DHARWAD, India — The task was gargantuan: assembling a team of more than 3,500 language specialists, academics and avid amateurs to determine how many different languages still exist in India, a country of astonishing linguistic diversity.
Ganesh Narayan Devy has been obsessed with that question ever since, as a young literary scholar, he came across a 1971 linguistic census that listed 108 native languages spoken by Indians. At the end of the report, at number 109, it said ‘everyone else’.
“I wondered what ‘all the others’ might be,” he said.
It turns out to be a huge number: His team’s research, arguably the most exhaustive attempt ever in India, examined 780 languages currently used in the country, with hundreds more yet to be studied.
In contrast, India’s constitution lists 22 languages, and the last government census in 2011 listed 121 “major” languages with 10,000 speakers or more.
Mr Devy’s findings, which he is gradually publishing in a series of scholarly volumes, come at a sensitive time as Prime Minister Narendra Modi’s government pushes for Hindi to be used as the national language as part of its wider Hindu vision. for India.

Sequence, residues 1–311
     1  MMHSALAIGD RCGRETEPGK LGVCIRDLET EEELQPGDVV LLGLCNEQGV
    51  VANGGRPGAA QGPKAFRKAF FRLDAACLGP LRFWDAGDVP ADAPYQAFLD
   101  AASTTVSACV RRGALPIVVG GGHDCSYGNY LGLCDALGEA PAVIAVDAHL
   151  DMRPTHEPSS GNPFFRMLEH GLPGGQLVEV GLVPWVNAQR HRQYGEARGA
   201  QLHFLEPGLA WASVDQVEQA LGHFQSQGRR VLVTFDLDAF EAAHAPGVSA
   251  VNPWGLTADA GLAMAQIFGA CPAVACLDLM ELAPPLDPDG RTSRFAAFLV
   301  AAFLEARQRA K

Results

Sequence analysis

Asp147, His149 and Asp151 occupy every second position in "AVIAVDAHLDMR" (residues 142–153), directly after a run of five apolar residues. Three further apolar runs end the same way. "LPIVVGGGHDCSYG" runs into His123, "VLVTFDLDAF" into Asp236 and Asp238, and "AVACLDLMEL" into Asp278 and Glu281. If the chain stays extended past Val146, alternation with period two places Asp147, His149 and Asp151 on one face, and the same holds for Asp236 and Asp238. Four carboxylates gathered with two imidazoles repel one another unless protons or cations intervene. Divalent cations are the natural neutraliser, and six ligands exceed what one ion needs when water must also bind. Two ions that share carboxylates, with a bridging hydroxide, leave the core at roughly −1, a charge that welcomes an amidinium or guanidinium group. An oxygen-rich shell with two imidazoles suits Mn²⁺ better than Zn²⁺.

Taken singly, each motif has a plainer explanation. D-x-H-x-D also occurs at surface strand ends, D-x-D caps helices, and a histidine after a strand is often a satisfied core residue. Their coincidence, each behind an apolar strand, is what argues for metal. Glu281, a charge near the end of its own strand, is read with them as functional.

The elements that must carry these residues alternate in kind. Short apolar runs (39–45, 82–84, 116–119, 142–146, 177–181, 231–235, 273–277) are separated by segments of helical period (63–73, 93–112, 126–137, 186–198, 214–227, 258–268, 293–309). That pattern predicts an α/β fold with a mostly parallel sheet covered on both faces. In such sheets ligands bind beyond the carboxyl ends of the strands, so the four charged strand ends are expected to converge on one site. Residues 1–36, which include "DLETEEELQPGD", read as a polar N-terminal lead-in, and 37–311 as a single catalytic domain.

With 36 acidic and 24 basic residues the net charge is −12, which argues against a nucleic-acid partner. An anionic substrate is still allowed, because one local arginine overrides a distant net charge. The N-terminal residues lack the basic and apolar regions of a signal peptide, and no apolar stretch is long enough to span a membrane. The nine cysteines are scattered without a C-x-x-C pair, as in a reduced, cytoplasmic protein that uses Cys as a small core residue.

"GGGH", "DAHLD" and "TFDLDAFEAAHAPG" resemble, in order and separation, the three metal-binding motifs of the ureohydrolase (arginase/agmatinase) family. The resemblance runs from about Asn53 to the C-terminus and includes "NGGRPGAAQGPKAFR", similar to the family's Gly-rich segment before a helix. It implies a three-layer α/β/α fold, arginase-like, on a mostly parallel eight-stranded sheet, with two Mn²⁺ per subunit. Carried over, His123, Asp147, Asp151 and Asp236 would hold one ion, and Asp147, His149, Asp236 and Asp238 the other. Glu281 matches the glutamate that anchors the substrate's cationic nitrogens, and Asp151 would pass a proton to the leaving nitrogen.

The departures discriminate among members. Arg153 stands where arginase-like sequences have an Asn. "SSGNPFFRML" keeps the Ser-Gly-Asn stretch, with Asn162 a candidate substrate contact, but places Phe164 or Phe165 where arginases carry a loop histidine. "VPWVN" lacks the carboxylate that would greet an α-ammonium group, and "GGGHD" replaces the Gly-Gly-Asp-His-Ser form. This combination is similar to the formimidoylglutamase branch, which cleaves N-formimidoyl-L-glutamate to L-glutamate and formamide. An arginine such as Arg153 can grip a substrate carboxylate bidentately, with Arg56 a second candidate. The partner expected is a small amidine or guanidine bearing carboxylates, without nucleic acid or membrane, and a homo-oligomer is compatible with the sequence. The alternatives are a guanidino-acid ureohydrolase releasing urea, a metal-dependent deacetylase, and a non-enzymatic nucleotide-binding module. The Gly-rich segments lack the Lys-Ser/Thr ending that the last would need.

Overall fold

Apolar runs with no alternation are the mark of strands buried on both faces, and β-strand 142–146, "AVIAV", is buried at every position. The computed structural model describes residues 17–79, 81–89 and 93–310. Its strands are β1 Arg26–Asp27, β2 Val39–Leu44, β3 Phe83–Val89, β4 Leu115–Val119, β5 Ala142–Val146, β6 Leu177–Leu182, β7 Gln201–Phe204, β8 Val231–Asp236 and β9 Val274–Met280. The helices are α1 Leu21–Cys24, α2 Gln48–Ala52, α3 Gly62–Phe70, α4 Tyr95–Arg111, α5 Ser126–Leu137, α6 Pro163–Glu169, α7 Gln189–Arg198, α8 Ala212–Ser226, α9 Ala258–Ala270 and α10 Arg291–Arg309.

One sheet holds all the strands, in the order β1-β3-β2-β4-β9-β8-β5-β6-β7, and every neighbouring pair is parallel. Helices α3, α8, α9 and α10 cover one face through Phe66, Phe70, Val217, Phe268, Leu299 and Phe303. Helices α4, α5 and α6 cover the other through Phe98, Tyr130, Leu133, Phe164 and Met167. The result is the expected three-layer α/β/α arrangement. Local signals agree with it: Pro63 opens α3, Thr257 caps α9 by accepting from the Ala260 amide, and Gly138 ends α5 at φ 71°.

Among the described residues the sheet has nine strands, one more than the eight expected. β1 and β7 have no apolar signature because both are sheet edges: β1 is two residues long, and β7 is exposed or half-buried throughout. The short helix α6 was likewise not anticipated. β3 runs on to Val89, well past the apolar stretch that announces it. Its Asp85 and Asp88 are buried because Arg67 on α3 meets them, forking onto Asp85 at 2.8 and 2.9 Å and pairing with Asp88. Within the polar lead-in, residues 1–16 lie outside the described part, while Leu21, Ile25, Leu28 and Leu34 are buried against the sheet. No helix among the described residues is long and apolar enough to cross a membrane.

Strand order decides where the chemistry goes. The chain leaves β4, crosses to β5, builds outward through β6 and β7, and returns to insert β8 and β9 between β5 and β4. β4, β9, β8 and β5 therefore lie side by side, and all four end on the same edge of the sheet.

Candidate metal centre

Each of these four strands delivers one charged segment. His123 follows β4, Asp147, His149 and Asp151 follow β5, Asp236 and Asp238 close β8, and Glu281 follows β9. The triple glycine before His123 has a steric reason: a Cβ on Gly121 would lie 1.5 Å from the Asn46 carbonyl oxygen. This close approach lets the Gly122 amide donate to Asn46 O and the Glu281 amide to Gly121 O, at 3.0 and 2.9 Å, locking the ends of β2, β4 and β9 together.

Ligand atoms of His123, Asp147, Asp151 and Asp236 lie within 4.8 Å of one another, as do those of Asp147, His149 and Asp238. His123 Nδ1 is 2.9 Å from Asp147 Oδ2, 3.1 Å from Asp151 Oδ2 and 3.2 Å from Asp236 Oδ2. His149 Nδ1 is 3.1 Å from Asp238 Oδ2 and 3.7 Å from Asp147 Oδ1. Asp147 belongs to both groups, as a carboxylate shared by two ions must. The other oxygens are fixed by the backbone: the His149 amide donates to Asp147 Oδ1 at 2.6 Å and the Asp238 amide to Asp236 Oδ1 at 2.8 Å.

As his language research rolls out, Mr. Devy immersed himself in a new project that addresses an even bigger and more controversial issue in India’s culture wars: the country’s long history.
His “The Origins of Indian Civilization and Histories of India” aims to trace the trajectory of the entire subcontinent since the end of the last ice age, some 12,000 years ago. He has recruited 80 historians from around the world to work with him.
The ambitious work is intended to follow up on the Indian ruling party’s campaign to rewrite the country’s history books, including by deleting sections about Muslim rulers and changing Muslim names for places.
“History is being taught to spread political bigotry in this country,” said Mr. devy. “Someone had to show a mirror to the ruling class.”
His passions for both the Indian languages and the rise and fall of its civilization converge in his work with India’s vast population of long-oppressed Adivasis, or “primordial people.”